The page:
Challenge to 121st Constitutional amendment scrapping Collegium system: Apex Court agrees to hear 4 PILs on August 25th
An apex Court Bench headed by CJI R.M. Lodha agreed to hear on Monday, a batch of four petitions challenging the 121st Constitutional amendment, which provides for a new mechanism for appointment of Judges in higher Judiciary and will lead to scrapping of the collegium system prevalent for the past two decades.
Seeking the quashing of the National Judicial Appointments Commission Bill, 2014 and the Constitution (One Hundred and Twenty First Amendment) Bill, 2014, the PIL reportedly sought declaration that they are "arbitrary, unconstitutional, and deface/defile/damage basic structure/feature of India's constitution."
The PILs have been filed by former Additional Solicitor General Bishwajit Bhattacharya, advocates R. K. Kapoor and Manohar Lal Sharma and Supreme Court Advocates on Record Association.
The PIL alleges, "Doctrine of separation of power and the independence of the judiciary are basic immutable features of India's constitution. These basic features (structure) of the constitution cannot be abridged or abrogated by the either the executive or the legislature….The two bills make frontal attack on the independence of the judiciary and on the doctrine of separation of power, both basic features of India's constitution. Such violence done to the basic structure of India's constitution is reminiscent of the dark days of emergency imposed on June 12, 1975."
Adv. R.K. Kapoor reportedly submitted: “The Constitution itself recognizes a clear demarcation separating the judiciary from the executive under Article 50 of the Constitution which is the underlying strength for a sound judicial system.
It would be relevant to point out here that Article 50 of the Directive Principles of the State Policy under the Constitution is not only applicable to the lower judiciary but is also applicable to the higher judiciary as the doctrine of separation of power and the independence of the judiciary were basic immutable features of the Constitution.”
Former Additional Solicitor General Bishwajit Bhattacharya has asserted that the Constitution empowers the Chief Justice of India to take a decision in every appointment of Supreme Court and high court judges and in every transfer of judges from one high court to another. He says, “This power is now being shifted to the NJAC and the very possibility of the CJI along with two senior-most judges of the Supreme Court being vetoed by the executive would be destructive of the independence of the judiciary and the doctrine of separation of power, both basic features of India’s Constitution”.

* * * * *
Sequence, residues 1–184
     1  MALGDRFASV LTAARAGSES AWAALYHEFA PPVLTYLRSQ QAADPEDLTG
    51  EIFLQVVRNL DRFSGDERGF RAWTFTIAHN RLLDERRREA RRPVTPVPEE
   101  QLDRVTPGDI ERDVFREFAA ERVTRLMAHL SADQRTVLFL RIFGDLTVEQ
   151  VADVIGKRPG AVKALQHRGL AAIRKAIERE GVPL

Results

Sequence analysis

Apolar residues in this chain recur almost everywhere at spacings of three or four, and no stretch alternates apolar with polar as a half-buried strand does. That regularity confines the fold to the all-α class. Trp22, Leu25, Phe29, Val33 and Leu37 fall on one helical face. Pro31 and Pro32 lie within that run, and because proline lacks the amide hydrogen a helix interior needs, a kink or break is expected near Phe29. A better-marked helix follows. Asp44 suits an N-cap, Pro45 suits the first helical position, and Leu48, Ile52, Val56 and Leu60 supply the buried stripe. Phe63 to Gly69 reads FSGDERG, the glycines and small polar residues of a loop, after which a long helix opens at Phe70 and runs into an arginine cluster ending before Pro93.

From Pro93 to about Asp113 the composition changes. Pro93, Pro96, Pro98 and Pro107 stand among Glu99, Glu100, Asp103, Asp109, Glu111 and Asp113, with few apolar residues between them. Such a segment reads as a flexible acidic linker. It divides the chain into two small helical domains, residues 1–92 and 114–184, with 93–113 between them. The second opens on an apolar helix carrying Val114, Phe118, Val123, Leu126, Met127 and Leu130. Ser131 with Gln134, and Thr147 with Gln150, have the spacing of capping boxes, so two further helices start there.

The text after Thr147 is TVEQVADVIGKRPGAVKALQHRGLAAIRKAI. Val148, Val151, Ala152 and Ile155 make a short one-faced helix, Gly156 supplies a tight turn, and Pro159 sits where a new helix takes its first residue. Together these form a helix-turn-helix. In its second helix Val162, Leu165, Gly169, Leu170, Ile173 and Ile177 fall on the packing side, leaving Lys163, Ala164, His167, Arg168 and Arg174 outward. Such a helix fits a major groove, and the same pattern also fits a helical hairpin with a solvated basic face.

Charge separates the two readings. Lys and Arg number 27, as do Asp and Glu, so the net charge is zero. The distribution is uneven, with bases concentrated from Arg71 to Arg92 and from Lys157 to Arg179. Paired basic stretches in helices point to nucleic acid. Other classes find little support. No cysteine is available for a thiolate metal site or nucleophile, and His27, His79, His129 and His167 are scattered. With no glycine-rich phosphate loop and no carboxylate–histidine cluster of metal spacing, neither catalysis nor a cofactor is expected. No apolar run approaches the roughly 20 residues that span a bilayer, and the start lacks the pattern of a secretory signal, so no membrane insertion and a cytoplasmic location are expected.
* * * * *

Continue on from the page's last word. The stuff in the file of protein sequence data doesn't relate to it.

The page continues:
The Constitution (120th Amendment) Bill, 2013, provides for setting up of a Judicial Appointments Commission by inserting Article 124 (A) in the Constitution and amending Articles 124(2), 217(1) and 222(1). The structure and functions of the proposed commission are provided in the JAC Bill. The proposal approved by the Cabinet provides for the new Article 124A of the Constitution of India, which will define the composition of the JAC. Article 124B will identify its functions.
NJAC will be the authority for appointment of Chief Justice and Judges of the Supreme Court and High Courts. It will also have the authority to initiate transfers of High Court Judges. The bill states that before recommending a name for appointment as a judge of the HC the commission must take the view of the chief minister and the governor of the concerned state in writing.
Read the National Judicial Appointments Commission Bill, 2014 and The Constitution (One Hundred and Twenty-First Amendment) Bill, 2014, here.
Read more news about the Bills proposing the change in the appointment mechanism here.